After a little digging around in the contact record, I replied in the thread with the following, for the entire company to see:
Isn't that cool? I was able to showcase to the entire company, in a way that celebrated the hard work of other colleagues, how our content had quite literally made us money.
You can only see this if you have both HubSpot for marketing and sales.
If you only have the marketing platform from HubSpot, you will never have access to this kind of data. But when you have your marketing and sales automation platforms connected to each other, this is the kind of powerful, unimpeachable content marketing ROI reporting that's possible.
Sales also benefits from this interconnectivity, by the way.
When you have HubSpot Marketing and Sales Hubs, they have access to this lead intelligence — what pages, blogs, and videos a prospect has viewed — before the first sales call.
How to develop a content ROI reporting strategy with HubSpot
Now that you have those two prerequisites in place, let's dive into how you actually create your reporting strategy.
1. Step away from HubSpot
That's right. The first thing you do to create your content ROI reporting strategy leveraging HubSpot is to ignore the tool entirely.
Just like you don't touch the blogging tool until you have a content strategy and know what you're writing about, or open up the workflow tool before you know exactly what you're building, you're going to leave the reporting tools in HubSpot alone.
2. Define your reporting audiences and their individual content ROI reporting needs
Your content ROI reporting will not be a single document.
Instead, your reporting strategy should be holistic, with an understanding that you have different internal audiences who need to know different things about your content at different times. Their individual needs will dictate the substance, format, and cadence of your reporting.
For example, here are the content ROI reporting audiences I've defined for myself, here at IMPACT:
Leadership (both company and marketing team leadership)
The entire company (not excluding the two above groups)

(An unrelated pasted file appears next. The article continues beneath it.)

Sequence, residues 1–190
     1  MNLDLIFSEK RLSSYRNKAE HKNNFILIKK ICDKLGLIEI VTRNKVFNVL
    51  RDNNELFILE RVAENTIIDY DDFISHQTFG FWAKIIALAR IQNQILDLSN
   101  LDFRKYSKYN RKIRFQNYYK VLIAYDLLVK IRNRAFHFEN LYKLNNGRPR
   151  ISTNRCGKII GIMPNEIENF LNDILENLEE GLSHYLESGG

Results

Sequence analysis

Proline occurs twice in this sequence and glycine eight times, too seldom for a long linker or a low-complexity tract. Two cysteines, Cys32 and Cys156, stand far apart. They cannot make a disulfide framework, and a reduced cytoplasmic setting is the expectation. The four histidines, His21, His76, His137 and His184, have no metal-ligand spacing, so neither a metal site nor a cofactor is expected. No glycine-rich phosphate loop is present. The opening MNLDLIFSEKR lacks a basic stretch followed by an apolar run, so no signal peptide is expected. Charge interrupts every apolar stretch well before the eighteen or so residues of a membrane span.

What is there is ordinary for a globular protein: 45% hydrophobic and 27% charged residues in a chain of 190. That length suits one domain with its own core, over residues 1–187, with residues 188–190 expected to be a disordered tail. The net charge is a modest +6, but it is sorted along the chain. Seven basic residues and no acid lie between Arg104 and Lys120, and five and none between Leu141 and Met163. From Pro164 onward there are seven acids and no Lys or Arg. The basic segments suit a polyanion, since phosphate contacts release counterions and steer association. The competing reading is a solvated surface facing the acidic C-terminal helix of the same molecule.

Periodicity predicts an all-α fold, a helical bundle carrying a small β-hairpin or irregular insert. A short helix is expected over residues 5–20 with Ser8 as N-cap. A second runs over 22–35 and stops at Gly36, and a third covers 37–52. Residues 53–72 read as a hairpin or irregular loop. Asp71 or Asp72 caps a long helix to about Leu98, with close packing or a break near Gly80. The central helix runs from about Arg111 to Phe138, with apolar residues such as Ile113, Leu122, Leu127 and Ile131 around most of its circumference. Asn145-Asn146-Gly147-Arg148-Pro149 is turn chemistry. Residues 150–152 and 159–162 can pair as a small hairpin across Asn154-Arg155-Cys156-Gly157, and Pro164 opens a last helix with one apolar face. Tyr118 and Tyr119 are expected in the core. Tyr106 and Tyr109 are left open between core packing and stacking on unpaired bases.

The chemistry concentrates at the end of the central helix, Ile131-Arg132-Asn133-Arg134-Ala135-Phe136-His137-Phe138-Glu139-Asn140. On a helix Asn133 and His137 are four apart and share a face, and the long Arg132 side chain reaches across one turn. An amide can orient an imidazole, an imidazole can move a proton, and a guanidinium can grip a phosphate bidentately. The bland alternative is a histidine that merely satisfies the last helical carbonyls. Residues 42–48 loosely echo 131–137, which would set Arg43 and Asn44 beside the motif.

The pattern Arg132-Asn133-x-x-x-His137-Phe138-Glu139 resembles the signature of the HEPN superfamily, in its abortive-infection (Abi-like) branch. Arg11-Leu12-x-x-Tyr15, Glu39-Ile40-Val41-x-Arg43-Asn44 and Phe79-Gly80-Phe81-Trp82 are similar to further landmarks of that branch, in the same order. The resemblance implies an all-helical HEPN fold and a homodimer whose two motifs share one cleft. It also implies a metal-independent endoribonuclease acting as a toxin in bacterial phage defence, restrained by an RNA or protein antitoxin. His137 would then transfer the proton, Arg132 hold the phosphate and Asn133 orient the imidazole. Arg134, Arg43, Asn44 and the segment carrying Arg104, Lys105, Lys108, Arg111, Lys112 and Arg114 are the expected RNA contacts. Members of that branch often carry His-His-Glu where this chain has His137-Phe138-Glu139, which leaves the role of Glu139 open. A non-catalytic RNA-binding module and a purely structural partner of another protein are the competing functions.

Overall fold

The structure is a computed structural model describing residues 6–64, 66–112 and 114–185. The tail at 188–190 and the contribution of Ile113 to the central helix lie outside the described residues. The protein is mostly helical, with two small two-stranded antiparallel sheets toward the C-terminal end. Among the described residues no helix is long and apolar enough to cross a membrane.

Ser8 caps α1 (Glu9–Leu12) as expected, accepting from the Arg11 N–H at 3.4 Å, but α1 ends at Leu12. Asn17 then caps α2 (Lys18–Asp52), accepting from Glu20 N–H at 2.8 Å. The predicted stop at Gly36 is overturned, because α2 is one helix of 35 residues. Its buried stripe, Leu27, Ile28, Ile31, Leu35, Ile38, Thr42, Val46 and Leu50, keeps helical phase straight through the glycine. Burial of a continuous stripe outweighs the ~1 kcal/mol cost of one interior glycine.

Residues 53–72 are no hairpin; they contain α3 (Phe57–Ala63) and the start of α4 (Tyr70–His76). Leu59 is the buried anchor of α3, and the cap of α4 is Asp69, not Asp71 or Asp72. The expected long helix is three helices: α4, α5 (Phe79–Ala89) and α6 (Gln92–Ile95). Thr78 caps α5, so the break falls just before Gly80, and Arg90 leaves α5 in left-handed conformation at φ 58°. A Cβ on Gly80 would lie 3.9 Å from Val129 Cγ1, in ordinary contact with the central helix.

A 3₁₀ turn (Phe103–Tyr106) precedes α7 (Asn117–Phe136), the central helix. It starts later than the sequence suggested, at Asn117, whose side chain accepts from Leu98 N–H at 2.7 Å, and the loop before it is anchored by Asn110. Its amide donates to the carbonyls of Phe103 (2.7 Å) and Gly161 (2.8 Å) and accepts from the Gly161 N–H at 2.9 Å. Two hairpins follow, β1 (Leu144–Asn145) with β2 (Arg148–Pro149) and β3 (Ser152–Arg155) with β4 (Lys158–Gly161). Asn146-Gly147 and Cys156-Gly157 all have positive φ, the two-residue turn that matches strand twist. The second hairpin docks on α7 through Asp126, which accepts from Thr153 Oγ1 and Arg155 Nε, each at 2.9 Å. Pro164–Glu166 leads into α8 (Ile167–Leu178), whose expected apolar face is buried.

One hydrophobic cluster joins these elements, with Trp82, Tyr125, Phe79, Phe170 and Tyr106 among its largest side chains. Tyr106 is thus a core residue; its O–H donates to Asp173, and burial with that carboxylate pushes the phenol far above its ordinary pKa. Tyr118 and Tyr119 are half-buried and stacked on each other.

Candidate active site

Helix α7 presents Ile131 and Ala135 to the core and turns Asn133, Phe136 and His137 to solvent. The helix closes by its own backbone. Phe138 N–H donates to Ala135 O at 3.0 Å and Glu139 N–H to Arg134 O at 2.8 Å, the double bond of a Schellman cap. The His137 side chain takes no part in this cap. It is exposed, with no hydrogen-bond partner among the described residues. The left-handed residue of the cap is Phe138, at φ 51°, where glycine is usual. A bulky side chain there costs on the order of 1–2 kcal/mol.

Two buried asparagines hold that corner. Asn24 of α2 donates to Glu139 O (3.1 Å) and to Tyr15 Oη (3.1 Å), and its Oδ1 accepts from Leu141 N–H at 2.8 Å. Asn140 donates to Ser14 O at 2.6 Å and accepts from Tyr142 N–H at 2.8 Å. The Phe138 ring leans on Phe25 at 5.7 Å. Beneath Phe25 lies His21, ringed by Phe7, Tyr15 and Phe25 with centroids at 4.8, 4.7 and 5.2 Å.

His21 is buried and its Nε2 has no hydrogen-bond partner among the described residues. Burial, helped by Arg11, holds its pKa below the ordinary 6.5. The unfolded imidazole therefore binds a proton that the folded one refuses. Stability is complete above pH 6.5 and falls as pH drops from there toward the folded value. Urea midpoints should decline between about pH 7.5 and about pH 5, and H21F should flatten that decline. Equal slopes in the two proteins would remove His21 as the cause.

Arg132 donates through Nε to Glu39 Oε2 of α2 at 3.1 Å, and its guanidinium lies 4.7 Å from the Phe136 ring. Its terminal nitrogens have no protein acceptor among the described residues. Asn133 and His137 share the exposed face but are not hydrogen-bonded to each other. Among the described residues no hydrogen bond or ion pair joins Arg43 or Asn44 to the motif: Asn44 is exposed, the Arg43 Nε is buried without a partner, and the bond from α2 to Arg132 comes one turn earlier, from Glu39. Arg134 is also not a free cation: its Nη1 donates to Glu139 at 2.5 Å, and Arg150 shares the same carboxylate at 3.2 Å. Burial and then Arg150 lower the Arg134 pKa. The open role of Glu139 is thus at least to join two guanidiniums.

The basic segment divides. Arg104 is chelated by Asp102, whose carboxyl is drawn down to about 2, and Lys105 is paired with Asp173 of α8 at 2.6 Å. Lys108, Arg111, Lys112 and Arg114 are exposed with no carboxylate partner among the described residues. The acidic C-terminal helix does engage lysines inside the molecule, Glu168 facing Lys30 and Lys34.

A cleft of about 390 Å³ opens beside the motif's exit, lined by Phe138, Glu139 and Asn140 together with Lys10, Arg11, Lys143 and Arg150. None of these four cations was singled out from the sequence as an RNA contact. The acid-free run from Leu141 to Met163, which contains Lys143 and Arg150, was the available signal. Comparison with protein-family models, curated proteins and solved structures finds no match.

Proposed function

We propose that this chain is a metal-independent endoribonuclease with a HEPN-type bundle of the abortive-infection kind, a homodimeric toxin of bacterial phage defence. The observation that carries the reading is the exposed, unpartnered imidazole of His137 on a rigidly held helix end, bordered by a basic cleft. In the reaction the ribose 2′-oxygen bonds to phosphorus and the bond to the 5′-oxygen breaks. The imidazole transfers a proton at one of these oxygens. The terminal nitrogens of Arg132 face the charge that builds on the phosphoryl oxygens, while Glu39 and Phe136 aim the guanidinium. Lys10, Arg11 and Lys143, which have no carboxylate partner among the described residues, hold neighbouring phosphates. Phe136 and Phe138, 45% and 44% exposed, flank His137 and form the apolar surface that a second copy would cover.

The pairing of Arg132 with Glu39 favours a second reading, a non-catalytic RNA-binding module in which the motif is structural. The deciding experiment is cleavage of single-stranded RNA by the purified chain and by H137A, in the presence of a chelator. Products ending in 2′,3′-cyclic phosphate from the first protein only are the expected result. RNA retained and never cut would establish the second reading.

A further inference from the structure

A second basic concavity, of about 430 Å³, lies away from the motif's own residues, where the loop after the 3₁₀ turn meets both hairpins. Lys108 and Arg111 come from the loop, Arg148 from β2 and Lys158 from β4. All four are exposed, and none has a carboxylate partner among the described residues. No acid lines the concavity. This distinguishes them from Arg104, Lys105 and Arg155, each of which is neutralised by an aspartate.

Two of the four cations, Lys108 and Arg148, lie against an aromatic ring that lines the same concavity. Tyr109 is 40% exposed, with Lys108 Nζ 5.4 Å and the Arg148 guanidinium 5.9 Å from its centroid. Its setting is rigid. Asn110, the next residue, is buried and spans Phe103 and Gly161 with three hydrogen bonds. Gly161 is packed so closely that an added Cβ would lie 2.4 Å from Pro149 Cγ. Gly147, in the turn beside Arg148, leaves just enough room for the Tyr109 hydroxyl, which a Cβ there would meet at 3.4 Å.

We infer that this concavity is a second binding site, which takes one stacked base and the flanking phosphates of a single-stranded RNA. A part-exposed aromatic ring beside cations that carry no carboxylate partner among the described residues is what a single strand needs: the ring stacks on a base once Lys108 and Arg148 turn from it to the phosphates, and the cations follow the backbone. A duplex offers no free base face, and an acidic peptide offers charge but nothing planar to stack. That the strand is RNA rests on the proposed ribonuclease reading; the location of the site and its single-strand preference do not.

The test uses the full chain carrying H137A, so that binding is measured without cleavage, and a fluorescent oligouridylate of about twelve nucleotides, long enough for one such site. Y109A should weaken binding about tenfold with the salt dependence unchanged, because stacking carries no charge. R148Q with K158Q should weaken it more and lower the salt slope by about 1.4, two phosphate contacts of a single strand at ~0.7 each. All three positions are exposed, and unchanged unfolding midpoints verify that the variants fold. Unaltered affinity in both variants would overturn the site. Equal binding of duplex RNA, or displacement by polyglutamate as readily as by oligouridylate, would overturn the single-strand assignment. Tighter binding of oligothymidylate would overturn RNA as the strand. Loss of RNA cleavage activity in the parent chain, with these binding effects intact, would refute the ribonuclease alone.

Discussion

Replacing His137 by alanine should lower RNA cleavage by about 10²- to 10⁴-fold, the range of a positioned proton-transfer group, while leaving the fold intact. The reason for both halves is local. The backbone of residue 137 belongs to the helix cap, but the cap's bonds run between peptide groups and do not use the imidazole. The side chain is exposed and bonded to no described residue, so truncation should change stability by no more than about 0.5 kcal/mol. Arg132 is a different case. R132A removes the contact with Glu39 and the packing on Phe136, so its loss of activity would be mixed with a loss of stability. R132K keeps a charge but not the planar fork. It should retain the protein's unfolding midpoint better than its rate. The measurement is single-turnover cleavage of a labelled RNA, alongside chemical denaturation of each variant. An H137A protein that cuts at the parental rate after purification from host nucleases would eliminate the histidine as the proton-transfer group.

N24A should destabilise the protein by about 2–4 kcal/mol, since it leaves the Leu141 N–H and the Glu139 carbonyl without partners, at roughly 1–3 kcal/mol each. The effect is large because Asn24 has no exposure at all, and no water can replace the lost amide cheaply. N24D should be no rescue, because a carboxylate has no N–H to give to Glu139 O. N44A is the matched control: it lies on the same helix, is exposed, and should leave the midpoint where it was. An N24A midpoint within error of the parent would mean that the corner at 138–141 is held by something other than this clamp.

My leadership audience reporting is based on preset key performance indicators (KPIs) that are directly tied to company goals and initiatives having to do with more standard marketing metrics, like website traffic growth. (We have a complex marketing team. So, our director of demand generation, with whom I work very closely, owns the metrics around qualified lead generation.)
My revenue team audience is a bit softer in the metrics we're looking for. They're more concerned about understanding what content is being produced and when, as well as knowledge of content pieces that perform well. By "perform well," I mean content that attracts qualified traffic, helps nurture leads, and closes deals.
Finally, my entire company audience wants to see holistically how content helps us win with organic traffic growth, qualified lead generation, and closed deals. Aggregated data charts tend to fall flat here. Stories, individual contributor highlights, and any other data that helps see the wins and champion each other do best with this particular audience.
3. Determine your reporting cadence and consumption preferences for each group
Let's use my example again to show you how your reporting cadences and formats might vary, based on the different audience needs and preferences.
My leadership audience needs weekly reporting they don't need to ask for. It needs to be at-a-glance reporting that can be digested immediately. Long reports will not work. We're either on-track or off-track with our targets.